I think this is going to be the year. This is the year I shake loose my cold water shackles, and lose my nearly singular salmonidic vision of bug chucking. Last summer I purchased a pontoon boat and trolling motor, and was much more mobile than I have been in past seasons. I think this new found mobility will be the key. Come spring I'll be able to get into those backwater bays and coves just as the ice disappears. I'm sure the fish will be there. Twenty, thirty, and - if I'm lucky - forty inch snaggle-toothed monsters will be stacked like cord wood, and waiting to get their collective groove on.
The thought of the spring spawning ritual excites me nearly as much as it does the pike. It's that one time of year when the least difficult aspect of pike fishing is finding the fish. As the year progresses, Esox Lucius become increasingly solitary and difficult to locate. I suppose this - along with the animal's potential to grow to prodigious dimensions - is the real allure of the species. Pike are special because like any apex predator, pike are relatively rare. Unless you're there shortly after ice out, armed with an eight or nine weight rod and some seriously stout wire, you might as well stay home and launder doilies.
At least that's how I remember my previous pike fishing exploits.
Years upon years have passed since I last devoted time strictly to the pursuit of early season pike. For the life of me, I don't know why I ever stopped the chase. I suppose meeting my wife might have had something to do with it. More likely, brown trout and an increasingly prolific hendrickson hatch were my motivations. Sure, if I'm out chasing carp or bass then I'm happy to hook up with a toothier critter, but hooking water wolves hasn't been my intent in a long time. It's a problem I hope to rectify.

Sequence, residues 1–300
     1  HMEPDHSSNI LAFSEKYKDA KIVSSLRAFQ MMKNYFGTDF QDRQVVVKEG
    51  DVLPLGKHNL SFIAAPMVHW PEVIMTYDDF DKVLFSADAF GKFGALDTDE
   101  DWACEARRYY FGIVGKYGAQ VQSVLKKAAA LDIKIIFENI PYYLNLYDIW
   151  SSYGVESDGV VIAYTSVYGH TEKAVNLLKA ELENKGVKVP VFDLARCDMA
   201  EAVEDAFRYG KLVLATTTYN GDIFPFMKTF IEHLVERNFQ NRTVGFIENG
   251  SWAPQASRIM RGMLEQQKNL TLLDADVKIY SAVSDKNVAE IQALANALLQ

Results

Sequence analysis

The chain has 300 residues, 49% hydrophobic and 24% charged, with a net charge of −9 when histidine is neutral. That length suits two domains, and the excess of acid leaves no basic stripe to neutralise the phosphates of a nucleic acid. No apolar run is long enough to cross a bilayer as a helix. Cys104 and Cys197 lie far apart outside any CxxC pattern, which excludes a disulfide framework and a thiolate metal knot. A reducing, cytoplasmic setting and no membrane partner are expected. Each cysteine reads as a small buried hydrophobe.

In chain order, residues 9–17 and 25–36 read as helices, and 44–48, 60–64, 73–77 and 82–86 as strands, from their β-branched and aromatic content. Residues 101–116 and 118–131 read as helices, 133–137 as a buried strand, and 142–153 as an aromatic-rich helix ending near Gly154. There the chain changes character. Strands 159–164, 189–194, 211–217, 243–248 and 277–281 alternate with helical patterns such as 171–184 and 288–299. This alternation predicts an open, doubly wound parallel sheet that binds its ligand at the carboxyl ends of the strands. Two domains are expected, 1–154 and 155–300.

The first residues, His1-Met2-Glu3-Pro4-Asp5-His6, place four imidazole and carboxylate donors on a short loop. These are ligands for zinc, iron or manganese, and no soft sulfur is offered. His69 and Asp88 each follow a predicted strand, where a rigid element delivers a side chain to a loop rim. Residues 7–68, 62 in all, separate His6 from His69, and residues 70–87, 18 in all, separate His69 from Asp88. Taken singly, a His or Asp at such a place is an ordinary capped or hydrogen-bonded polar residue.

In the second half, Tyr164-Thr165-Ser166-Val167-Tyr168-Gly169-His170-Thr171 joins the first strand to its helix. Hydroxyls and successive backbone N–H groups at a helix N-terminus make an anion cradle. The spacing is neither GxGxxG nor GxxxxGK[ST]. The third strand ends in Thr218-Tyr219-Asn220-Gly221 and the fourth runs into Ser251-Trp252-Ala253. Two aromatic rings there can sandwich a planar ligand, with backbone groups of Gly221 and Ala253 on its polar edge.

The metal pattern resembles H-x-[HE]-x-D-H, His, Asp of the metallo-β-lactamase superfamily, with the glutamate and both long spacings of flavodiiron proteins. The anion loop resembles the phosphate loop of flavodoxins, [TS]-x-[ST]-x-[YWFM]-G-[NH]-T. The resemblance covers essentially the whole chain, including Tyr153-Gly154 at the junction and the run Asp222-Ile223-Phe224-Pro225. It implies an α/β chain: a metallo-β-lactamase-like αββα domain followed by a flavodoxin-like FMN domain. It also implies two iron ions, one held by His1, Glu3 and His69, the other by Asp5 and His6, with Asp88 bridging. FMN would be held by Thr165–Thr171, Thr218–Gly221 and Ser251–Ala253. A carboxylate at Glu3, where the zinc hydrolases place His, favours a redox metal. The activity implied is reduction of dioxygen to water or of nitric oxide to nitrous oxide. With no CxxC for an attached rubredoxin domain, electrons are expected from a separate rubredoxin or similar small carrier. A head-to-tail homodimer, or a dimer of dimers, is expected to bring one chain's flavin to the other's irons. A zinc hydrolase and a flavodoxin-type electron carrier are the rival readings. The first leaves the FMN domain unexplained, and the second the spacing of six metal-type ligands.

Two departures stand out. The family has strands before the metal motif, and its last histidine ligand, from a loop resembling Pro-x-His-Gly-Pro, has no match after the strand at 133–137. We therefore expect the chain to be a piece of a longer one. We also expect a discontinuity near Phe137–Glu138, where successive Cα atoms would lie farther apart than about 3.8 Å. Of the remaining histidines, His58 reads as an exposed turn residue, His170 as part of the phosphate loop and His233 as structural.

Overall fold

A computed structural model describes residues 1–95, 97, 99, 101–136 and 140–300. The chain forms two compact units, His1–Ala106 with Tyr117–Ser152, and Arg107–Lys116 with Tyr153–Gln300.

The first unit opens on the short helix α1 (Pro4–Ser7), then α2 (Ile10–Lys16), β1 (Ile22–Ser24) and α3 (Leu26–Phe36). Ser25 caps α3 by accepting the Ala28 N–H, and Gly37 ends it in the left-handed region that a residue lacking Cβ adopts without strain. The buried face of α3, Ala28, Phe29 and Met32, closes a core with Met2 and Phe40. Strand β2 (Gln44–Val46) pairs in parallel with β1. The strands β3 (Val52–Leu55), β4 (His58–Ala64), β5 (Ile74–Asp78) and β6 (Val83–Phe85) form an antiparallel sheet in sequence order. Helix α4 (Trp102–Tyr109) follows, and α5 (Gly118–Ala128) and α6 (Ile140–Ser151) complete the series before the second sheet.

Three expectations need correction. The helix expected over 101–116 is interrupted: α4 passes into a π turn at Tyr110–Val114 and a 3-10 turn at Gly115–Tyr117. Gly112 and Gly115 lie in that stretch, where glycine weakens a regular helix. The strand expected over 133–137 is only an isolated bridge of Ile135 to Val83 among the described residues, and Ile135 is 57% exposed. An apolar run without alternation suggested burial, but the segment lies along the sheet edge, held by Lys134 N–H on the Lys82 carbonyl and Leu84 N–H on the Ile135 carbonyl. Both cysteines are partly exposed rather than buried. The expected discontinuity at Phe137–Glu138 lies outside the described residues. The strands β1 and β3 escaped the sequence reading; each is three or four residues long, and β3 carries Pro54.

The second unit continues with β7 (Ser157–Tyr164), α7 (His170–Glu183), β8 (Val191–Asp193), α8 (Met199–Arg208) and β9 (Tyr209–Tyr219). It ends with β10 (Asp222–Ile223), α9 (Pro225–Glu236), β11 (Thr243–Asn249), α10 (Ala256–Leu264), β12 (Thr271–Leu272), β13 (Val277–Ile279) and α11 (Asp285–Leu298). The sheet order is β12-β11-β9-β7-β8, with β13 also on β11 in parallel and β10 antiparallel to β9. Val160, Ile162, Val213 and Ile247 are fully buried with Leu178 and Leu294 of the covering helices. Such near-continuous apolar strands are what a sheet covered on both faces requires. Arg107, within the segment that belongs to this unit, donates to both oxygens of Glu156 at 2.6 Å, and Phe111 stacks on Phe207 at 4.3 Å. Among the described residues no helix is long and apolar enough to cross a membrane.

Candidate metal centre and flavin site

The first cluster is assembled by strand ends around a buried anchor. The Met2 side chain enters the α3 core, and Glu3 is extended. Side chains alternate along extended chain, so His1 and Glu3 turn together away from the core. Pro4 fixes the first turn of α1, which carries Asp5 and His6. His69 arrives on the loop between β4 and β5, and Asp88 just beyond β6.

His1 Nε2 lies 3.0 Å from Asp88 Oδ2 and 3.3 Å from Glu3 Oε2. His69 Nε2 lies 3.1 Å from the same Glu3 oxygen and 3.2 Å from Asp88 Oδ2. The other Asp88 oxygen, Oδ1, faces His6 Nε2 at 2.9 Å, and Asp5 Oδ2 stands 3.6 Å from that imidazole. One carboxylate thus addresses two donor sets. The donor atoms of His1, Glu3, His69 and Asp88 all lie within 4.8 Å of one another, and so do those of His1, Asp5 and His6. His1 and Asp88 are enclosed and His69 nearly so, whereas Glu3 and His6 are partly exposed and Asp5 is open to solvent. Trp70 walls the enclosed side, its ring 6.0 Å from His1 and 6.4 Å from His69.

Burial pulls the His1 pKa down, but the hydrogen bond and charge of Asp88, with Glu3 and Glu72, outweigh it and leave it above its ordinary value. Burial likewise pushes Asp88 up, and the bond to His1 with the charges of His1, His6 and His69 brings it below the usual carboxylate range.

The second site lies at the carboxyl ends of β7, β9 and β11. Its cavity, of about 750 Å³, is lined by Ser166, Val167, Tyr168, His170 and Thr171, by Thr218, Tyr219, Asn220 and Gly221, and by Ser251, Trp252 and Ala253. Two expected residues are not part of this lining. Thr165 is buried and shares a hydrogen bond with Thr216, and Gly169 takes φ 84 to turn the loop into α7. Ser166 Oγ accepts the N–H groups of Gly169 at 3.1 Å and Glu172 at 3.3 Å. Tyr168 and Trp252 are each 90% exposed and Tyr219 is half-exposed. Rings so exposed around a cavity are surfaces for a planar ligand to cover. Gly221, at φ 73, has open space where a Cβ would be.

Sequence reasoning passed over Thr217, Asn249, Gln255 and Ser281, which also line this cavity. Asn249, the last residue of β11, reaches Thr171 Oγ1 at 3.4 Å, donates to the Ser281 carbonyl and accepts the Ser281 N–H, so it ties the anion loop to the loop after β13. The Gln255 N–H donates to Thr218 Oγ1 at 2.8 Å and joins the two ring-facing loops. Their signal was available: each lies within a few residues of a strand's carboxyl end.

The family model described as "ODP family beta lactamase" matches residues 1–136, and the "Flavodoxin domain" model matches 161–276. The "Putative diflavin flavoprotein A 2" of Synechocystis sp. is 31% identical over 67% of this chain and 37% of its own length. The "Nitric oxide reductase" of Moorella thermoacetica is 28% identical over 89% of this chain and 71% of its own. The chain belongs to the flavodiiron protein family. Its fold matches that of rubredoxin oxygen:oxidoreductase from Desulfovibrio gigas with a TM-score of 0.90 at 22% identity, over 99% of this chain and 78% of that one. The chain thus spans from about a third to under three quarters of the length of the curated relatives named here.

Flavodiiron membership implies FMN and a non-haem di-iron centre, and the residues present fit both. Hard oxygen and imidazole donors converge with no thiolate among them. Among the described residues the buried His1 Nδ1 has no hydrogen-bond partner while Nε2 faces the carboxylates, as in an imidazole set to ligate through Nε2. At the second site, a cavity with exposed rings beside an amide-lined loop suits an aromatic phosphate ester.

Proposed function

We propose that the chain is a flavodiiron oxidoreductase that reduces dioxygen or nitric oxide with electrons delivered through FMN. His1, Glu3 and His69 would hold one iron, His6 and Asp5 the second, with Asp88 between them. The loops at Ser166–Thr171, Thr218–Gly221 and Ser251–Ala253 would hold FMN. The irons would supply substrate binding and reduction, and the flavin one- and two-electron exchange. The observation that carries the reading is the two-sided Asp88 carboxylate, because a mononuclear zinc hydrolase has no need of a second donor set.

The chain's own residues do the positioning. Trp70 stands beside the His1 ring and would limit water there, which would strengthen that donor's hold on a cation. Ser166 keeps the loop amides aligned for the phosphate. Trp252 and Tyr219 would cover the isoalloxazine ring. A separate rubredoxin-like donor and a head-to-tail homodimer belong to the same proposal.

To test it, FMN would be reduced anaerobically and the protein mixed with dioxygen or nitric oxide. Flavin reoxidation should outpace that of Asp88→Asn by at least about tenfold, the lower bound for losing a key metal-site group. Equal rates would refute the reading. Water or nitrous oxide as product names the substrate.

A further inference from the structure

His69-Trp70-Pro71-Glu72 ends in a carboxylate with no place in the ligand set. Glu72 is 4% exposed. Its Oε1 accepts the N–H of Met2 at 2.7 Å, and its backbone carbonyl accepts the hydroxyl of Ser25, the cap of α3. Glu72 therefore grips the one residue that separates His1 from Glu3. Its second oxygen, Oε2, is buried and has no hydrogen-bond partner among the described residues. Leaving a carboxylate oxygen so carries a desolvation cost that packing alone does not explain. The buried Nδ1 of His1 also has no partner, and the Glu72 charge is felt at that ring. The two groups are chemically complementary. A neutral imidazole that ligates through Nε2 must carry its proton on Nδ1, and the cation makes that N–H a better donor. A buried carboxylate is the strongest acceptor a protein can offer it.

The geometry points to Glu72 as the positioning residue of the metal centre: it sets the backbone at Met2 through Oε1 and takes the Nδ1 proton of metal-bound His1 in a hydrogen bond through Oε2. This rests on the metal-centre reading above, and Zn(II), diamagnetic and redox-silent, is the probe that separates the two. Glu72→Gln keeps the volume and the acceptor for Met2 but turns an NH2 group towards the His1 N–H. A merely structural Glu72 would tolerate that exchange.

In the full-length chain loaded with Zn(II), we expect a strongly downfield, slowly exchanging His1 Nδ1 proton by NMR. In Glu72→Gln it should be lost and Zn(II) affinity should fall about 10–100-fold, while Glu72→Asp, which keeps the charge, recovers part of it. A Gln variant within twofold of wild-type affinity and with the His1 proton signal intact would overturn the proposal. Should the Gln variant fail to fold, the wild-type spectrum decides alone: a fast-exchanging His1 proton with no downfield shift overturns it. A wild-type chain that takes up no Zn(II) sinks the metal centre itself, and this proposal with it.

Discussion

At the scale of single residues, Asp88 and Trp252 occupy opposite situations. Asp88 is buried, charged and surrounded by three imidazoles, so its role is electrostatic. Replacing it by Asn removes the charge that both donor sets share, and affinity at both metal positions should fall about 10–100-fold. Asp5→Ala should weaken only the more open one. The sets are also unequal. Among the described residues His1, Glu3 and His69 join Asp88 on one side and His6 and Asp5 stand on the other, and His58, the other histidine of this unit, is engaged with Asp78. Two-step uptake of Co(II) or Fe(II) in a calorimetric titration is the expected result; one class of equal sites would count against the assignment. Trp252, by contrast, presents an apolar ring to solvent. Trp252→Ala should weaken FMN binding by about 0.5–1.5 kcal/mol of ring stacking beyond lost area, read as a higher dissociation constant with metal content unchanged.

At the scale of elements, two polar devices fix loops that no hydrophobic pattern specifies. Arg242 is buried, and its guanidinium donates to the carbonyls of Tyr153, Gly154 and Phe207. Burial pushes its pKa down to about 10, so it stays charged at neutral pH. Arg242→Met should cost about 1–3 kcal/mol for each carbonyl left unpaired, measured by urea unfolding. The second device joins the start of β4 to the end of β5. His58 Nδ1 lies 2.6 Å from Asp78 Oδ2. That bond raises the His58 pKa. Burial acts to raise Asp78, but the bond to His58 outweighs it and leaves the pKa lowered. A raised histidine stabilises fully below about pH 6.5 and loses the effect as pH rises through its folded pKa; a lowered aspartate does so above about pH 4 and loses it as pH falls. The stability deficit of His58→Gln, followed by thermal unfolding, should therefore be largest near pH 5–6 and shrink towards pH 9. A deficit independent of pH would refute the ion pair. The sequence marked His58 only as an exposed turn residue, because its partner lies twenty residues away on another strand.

This winter, in addition to the usual army of trout, steelhead, bass, and carp flies, I'm wrapping some bigger stuff intended solely for bigger fish. Much of my inspiration comes from the fellas at A Matter of Life, Death, and Fluffchucking, Pike Fly-Fishing Articles, Pike Adventures with Ken Capsey, and Drew Price Fly Fishing. The boys who maintain these blogs seem to have figured out the challenge of flinging flies for pike, and consistently catching fish throughout the season.
I guess that means that over the next few weeks my vise will see quite a lot of craft fur, Flashabou, and deer hair. The scrap ends of zonker strips - destined for the dubbing blender - will litter the floor. Krystal Flash and Angel Hair will cling to my flannel shirts; epoxy and super glue will flow. Of course, I'll have to dig out those 6/0 Daiichis that are buried at the back of the hook bin, and I'm almost certain I have some rattles somewhere. I think I saw them stuffed in alongside my collection of dyed polar bear; although, I can't imagine why I would have tossed them in that drawer.
This is going to be the year. With any luck I'll get a few hero shots. Hero shots in which I'm not the hero - not becasue I didn't catch the fish, but because the critter's grin is bigger and nastier than my own.